Based upon the input sound, microprocessor 156 outputs a rectangular waveform corresponding to the selected frequency at pin 21. A pair of inverters 212 and 214 control a pair of transistors 216 and 218. A second pair of inverters 220 and 222 control a pair of transistor switches 224 and 226. The outputs of the transistor pairs are complementary square waves. Capacitors 228 and 230 filter the square waves to make them substantially sinusoidal. The two complementary waveforms are applied to the inputs of a speaker 232, and have the effect of doubling the volume output of speaker 232.
FIG. 7 is a flow chart of the software used to operate microprocessor 156. In FIG. 7, the program begins at Step 234 by powering up or resetting the microprocessor. At Step 236, a determination is made whether the voltage supplied to the microprocessor is greater than the threshold voltage of 4.5 volts. If not, the microprocessor resets at Step 234, as discussed above in connection with FIG. 6.
If the answer is YES at Step 236, a determination is made at Step 238 whether the timbre sound element is present. If the timbre element is not present, the program loops back to Step 234. If the timbre element is present, the electronic device is set up at Step 240 based upon the selected timbre. At Step 242, a determination is made whether the strobe signal has been received. If the strobe signal has not been received, the program loops back to determine whether the timbre element is present. If a strobe signal has been received, the binary sound pattern is read at Step 244 and the appropriate sound is output. The program then returns to Start.
Although several embodiments of the present invention have been shown and described, other embodiments will be apparent to those skilled in the art and are within the intended scope of the present invention. Therefore, the invention is to be limited only by the following claims.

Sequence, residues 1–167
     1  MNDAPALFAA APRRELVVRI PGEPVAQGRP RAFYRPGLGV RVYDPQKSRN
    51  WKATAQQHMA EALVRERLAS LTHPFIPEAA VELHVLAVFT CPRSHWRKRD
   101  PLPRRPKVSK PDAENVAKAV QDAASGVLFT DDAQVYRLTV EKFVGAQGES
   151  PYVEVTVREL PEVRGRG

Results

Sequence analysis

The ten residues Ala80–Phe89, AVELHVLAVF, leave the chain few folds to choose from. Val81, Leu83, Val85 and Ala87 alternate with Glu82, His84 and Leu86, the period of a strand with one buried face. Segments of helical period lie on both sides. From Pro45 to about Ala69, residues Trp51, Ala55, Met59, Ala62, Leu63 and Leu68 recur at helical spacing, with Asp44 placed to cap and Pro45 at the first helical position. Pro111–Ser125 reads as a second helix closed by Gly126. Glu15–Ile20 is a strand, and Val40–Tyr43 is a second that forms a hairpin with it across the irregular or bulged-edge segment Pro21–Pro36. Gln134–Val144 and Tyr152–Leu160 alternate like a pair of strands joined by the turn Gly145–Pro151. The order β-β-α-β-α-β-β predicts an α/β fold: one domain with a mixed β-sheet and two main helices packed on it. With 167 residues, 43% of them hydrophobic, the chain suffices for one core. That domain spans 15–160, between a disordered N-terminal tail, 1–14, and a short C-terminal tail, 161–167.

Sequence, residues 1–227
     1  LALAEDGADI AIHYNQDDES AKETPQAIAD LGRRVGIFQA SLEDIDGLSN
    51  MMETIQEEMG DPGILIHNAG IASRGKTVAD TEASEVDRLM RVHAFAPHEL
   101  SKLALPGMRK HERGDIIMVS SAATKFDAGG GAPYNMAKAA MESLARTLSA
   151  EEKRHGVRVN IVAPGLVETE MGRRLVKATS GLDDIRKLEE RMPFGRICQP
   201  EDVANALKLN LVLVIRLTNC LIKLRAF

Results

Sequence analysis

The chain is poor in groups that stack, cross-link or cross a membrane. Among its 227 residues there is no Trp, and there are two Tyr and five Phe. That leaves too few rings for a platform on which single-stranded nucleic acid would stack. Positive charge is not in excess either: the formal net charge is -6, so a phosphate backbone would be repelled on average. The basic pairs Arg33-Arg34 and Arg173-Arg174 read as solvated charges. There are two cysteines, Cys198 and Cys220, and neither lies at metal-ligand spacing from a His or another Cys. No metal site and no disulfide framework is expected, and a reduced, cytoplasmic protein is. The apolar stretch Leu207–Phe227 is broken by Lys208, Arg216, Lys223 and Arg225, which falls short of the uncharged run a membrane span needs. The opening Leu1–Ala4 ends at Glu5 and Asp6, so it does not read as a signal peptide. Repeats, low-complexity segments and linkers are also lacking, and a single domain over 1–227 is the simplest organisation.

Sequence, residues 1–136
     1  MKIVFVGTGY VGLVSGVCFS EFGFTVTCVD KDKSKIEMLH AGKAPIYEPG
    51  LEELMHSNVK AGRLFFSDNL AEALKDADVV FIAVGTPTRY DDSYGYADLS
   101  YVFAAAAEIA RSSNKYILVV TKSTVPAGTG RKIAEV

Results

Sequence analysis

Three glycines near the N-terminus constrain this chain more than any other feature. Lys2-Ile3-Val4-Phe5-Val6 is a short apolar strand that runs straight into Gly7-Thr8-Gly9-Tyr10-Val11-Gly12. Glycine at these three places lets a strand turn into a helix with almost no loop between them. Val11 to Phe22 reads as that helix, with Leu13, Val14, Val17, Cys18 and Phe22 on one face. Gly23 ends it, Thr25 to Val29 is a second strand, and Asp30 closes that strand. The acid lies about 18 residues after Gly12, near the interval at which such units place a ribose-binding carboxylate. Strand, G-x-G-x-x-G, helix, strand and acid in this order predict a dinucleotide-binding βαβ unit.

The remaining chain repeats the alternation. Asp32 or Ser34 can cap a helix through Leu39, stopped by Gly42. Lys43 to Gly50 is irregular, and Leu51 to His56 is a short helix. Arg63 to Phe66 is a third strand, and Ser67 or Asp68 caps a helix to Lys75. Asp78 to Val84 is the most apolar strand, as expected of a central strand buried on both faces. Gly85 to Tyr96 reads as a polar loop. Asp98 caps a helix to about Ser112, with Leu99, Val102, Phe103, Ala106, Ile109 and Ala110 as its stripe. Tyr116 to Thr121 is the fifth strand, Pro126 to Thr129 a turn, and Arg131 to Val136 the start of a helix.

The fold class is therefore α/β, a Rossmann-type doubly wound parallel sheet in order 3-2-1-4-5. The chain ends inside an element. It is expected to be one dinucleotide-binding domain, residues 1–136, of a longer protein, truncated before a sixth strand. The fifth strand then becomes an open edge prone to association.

|Cited Patent||Filing date||Publication date||Applicant||Title|
|US4651611 *||Nov 13, 1984||Mar 24, 1987||Matthew Hohner||Touch dynamics signal generator for electronic musical instruments|
|US4676134 *||May 13, 1986||Jun 30, 1987||Mesur-Matic Electronics||Electronic string instrument with bend detector|
|US4968255 *||Jul 19, 1988||Nov 6, 1990||Video Technology Industries, Inc.||Electronic instructional apparatus|
|US4998902 *||Mar 5, 1990||Mar 12, 1991||Universal Product Innovations, Inc.||Toppling toy|
|DE2218689A1 *||Apr 18, 1972||Dec 7, 1972||Title not available|
|1||Pressman Toy Corporation, New York, N.Y., 1993 Catalog entitled "Pressman 1993", pp. 2-3, published Feb.-Mar., 1993.|
|2||*||Pressman Toy Corporation, New York, N.Y., 1993 Catalog entitled Pressman 1993 , pp. 2 3, published Feb. Mar., 1993.|
|Citing Patent||Filing date||Publication date||Applicant||Title|
|US5533919 *||Oct 16, 1995||Jul 9, 1996||Peterson; Laverne R.||Toppling toy|
|US5725409 *||Feb 8, 1995||Mar 10, 1998||Brunton; Scott R.||Sound-emitting toppling game element and method for playing a game|
|US5973250 *||Sep 12, 1996||Oct 26, 1999||Anthony M. Zirelle||Miniature multiple audio highlight playback device|